Archive for the ‘Intangibility’ Category

Music Learning in Digital Age

04.22.13

Urgency for conservation and continuation of heritage practices is unquestionably enhanced now, in comparison to even a mere century back. The awareness, better still, concern has always been there.  If all past knowledge is preserved in condensed, usable form, the given discipline is assured of health and growth. When the essence gets buried under innovation, the discipline itself is lost.

1It does not suffice to trace the origin of Indian Veena-s or of Harappan civilization; it is also necessary to examine how the idea and facts  of yore are still relevant. Often, individuals as well as institutions make the mistake of equating the form of practice as its essence. They err to consider completion of act in mere repetition of  tangible patterns.

Of all others, music is intangible most art form. Its teaching and training requires development of strong understanding between teacher and the taught. Indian musicians in past tended to disregard any other form of learning, which fell short of absolute one-to-one teaching. Thankfully, there always have been some unconventional musicians who kept the stream of scholarship vibrant, constantly  documenting, analyzing and directing the  practice of music.

It is scholar-musicians of this timbre who dare to defy the physical contact and move into realm of distance education. It involves intangibility at an extra level – that of not being physically present. Strangely, technology sometimes overpowers existing intangibility in hitherto unimagined ways. Like, providing tactile feedback to fingers of student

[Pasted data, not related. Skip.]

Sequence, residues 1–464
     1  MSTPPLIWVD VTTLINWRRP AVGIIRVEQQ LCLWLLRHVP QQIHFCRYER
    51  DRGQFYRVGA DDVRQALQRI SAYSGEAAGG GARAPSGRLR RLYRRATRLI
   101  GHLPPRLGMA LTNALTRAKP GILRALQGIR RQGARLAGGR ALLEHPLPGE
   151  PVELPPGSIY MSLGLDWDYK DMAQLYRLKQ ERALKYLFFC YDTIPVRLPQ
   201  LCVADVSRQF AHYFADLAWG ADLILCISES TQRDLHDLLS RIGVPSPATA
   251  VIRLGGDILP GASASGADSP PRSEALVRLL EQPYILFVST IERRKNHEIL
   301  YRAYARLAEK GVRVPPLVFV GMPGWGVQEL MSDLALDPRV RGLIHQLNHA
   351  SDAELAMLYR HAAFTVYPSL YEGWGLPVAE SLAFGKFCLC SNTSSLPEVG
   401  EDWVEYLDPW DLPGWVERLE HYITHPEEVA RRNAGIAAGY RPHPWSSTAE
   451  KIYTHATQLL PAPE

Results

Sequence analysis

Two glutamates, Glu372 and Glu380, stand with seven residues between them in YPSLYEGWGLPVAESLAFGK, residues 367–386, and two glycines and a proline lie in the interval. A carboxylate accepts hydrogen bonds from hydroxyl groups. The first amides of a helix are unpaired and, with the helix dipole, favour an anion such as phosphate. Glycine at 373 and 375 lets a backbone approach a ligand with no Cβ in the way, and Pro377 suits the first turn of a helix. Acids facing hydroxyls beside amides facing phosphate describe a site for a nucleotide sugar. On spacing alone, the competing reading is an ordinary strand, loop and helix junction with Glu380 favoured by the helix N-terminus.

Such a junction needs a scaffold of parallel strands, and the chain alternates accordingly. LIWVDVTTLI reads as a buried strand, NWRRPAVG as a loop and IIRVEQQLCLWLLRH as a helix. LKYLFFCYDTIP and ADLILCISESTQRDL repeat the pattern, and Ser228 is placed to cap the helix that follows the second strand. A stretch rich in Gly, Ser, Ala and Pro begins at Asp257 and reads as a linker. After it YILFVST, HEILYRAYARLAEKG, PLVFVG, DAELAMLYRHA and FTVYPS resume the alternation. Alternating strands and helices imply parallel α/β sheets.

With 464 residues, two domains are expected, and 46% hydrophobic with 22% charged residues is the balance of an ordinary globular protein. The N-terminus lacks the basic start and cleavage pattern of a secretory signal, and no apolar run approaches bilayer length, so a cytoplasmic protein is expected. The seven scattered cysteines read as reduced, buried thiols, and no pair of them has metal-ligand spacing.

From formulating requisites  for teaching of Indian Music in the distance mode to actual innovation and practices, scholars from around the world contribute their ideas and experiences in this groundbreaking compilation –   Distance Education in Music. Edited by founder director of Madhukali, Pt. Omprakash Chouraisya, the volume carries the research paper in original language and its translation in Hindi or English. Published by Kanishka Publishers, Dariyaganj, Delhi this book shall prove useful to planners, educationists, musicians and interested learners. There are a few innovations like Digital Veena and Ome Swarlipi that do not find mention here, but ample information by stalwarts of music that shines benign on pathway to learning of music on one’s own.

Self-learning has always existed, even though it was not encouraged at elementary level. In words of Misrabani exponent Dr. Ragini Trivedi, “I call the instrument my father and after him, my brother used to play, Divya Veena. It is Divya (divine) because it teaches me how to play it.”

Categorization of Music Practices

04.10.13

Rajiv Trivedi

VibCov2As we celebrate the tenth anniversary of UNESCO Convention 2003, the idea of conservation and continuance of traditional practices through according them greater visibility has become a familiar concept. It may yet take time to percolate to every working adult, but community leaders have begun to realize its importance and are coming up with plans. It was reported in media that people of Varanasi are busy in making inventory of activities both ancient and current, so the ancient most city (Kashi) may be included in UNESCO’s representative list. Kashi has been seat of all Indian learning not only for creation but also for evaluation and incorporation. Music finds mention in Veda-s and has been an intellectual discipline ever since.